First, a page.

Japan and Britain aim for trade deal by end-July, says Tokyo negotiator

British trade minister Liz Truss attends a joint video conference with Japan's Minister for Foreign Affairs Toshimitsu Motegi at the Department for International Trade, in London June 9, 2020. ― Handout via Reuters
British trade minister Liz Truss attends a joint video conference with Japan's Minister for Foreign Affairs Toshimitsu Motegi at the Department for International Trade, in London June 9, 2020. ― Handout via Reuters

TOKYO, July 1 ― Japan and Britain aim to clinch a trade deal by the end of July and Tokyo wants to secure at least the same automobile tariffs as it has in its existing European Union trade pact, Tokyo's chief negotiator said.

Japan's Foreign Minister Toshimitsu Motegi and British trade minister Liz Truss agreed last month on a swift deal on an economic partnership to secure business continuity.

Britain's relationship with the EU is in a status-quo transition period until the end of this year.

Meanwhile, Tokyo wants to conclude trade talks with Britain by the end of July as Japan needs any agreement to go through legal checks before submitting it to parliament, which is expected to be held this autumn.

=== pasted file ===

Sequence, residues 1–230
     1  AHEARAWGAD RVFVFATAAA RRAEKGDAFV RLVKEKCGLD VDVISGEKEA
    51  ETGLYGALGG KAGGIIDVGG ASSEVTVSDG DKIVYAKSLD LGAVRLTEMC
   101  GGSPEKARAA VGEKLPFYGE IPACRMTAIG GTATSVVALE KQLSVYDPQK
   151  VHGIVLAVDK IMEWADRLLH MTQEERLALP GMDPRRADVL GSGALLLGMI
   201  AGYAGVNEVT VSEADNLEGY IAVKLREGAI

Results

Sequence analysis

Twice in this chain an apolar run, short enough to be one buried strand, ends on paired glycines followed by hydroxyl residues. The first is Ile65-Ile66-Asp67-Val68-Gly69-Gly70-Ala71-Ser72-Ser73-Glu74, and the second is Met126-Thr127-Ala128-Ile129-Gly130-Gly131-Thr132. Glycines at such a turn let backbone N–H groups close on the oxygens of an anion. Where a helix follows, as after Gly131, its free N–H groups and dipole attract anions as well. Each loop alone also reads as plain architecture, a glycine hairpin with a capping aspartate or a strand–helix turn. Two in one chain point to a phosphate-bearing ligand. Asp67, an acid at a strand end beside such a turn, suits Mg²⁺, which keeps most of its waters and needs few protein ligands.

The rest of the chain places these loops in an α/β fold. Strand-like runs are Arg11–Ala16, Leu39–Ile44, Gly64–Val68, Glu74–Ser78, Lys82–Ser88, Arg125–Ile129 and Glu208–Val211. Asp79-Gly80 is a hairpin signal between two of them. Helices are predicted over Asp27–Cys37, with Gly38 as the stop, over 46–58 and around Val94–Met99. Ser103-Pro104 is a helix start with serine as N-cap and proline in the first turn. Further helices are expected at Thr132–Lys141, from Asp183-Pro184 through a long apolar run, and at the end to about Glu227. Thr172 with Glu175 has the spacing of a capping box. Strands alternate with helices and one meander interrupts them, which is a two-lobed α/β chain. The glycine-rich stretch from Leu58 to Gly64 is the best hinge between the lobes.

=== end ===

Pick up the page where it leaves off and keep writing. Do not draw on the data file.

“It is our highest priority to achieve an agreement within the time frame... We need to adjust ambitions to a realistic level,” Hiroshi Matsuura, who is chief negotiator for trade talks with Britain told Reuters yesterday.

He said negotiations would be based on the EU-Japan trade pact and Japan is seeking a higher commitment if possible, adding that digital trade would be an area where both countries could agree on a higher level of deal.

The issue of automobiles is among Japan's major interests.

“The auto industry is an important industry for Japan, we want to seek higher level of trade deal,” Matsuura said.

“We want at least the same level of tariff condition on autos with Britain as we have under the trade pact with the EU,” Matsuura said.

The EU-Japan trade pact which entered into force in 2019 included removing EU tariffs of 10 per cent on Japanese cars in eight years and scrapping them on most auto parts immediately. ― Reuters

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